To the Moon and Beyond: Planning for Long Term Success on the Web
What the successes and failures of the Apollo program have to teach us about designing, architecting, and building enterprise-level web projects.
Last fall, thousands of unprocessed photos taken in space and on the moon by Apollo program astronauts were uploaded to Flickr as part of the Project Apollo Archive. The Apollo program has fascinated me for some time, not just because it was the greatest engineering project in human history, but also because its achievements have yet to be matched over forty years after a human being last set foot on the moon’s surface.
Although the biggest Web projects pale in comparison to the effort required to put a person on the moon, they can often feel like the organizational equivalent of a moonshot. Designing, architecting, and building enterprise-level Web projects are often expensive, complex, and time-consuming undertakings that require the long-term commitment and dedication of the entire company or organization. In this way, many of the lessons of the Apollo program are directly applicable to the work that we undertake with our customers every day at Palantir.
The Importance of Preserving Momentum
It can be very difficult to maintain support, enthusiasm, and commitment for a large Web project after its primary goals have been accomplished. But maintaining a continued investment is absolutely vital in order to build on the success that’s been achieved on a large, ongoing project.
In the late 1960s, NASA developed several ambitious mission proposals that would have extended the Apollo program after the initial moon landings. Leveraging its investment in existing Apollo hardware, NASA proposed to create a semi-permanent moonbase by the mid-1970s and to fly astronauts around the planet Venus as early as 1974. These plans were shelved after the Apollo 11 moon landing, however, when public support and financing for human spaceflight evaporated. The space agency instead shifted its focus to developing the Space Shuttle and other low-Earth orbit human spaceflight programs.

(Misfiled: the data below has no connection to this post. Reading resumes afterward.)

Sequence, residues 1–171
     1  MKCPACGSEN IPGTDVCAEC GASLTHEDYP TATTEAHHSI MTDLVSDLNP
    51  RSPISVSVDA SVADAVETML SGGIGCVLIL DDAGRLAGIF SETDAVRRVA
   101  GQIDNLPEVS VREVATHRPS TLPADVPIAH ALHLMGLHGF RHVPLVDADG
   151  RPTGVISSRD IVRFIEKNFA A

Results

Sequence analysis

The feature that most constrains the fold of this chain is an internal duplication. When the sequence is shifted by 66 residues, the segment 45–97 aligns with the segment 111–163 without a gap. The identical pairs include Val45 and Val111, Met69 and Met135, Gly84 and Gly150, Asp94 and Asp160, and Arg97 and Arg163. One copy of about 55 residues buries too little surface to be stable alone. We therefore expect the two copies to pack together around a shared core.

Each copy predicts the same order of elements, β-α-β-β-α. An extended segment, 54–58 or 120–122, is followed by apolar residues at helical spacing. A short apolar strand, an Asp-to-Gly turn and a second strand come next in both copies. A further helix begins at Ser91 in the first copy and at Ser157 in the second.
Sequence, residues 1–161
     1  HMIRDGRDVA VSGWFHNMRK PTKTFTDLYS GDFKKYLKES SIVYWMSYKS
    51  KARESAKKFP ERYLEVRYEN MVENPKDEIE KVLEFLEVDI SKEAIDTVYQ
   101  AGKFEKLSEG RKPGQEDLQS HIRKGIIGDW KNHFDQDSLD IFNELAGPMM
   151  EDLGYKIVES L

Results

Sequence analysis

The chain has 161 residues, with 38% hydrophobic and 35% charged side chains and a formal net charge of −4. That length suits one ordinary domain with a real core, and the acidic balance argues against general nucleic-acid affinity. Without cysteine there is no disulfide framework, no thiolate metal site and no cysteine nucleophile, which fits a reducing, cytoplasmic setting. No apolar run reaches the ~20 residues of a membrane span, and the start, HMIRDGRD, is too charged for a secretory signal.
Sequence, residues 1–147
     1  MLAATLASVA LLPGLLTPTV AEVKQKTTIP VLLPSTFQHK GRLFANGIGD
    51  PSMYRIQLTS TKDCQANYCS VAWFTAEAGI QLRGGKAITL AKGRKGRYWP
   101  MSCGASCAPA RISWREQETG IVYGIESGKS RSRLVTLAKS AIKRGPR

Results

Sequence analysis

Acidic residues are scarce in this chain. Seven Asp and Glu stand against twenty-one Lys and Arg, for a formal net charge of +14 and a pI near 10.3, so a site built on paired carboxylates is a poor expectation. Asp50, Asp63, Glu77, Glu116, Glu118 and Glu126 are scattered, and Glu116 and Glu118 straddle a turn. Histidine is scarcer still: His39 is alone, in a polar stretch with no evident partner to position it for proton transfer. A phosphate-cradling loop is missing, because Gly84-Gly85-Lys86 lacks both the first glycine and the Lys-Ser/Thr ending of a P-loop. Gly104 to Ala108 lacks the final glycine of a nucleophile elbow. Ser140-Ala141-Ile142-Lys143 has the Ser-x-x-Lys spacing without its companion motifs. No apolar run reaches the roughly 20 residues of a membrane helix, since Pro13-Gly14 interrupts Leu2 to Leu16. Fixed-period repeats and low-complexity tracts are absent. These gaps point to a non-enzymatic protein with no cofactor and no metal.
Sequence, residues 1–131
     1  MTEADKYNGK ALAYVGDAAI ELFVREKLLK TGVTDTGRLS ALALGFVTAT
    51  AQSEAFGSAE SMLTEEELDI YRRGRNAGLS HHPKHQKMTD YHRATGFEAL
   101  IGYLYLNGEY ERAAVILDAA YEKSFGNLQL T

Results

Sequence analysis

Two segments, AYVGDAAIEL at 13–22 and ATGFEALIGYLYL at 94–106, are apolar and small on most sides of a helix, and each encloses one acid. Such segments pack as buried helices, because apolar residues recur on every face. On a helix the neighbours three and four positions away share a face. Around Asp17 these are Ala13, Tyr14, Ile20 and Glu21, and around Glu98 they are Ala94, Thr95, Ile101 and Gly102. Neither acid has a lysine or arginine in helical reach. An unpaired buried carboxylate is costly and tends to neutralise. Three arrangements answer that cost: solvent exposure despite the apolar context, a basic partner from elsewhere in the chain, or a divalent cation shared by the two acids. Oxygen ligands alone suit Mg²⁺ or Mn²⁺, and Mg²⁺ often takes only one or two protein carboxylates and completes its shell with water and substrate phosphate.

In the mid-2000s, NASA’s Constellation program tried to pick up where Apollo left off 30 years earlier, with the goal of returning astronauts to the moon by the year 2020. The space agency went so far as to visit museums to search for decades-old documents and consulted with engineers who worked on Apollo in an attempt to recover the knowledge and experience required to design and build rockets that could put a human being on the moon fifty years after Apollo 11. The program ended up being canceled after only a few years, in part because it had already fallen so far behind schedule and over budget that was impossible to determine when or even if its goals could be met.
Likewise, when a large and ambitious Web project loses momentum, it can be very hard to regain later on. Additional time and expense is usually required to validate assumptions made earlier in the project, as well as to re-assess and re-prioritize user stories, and onboard any new members of the project team. While sometimes taking a brief pause on a project can be useful to gather additional information or stakeholder input, extended pauses or breaks should be avoided whenever possible.
Avoiding the Moonshot Mentality
For most companies and organizations, the Web is increasingly a piece of mission-critical infrastructure that needs to be maintained and improved over time. However, companies and organizations all too often end up treating their Web presence like a series of “moonshots”, making irregular spikes in investment that may have great short-term payoffs, but ultimately fail to build on existing institutional knowledge or support the long-term needs and goals of the organization.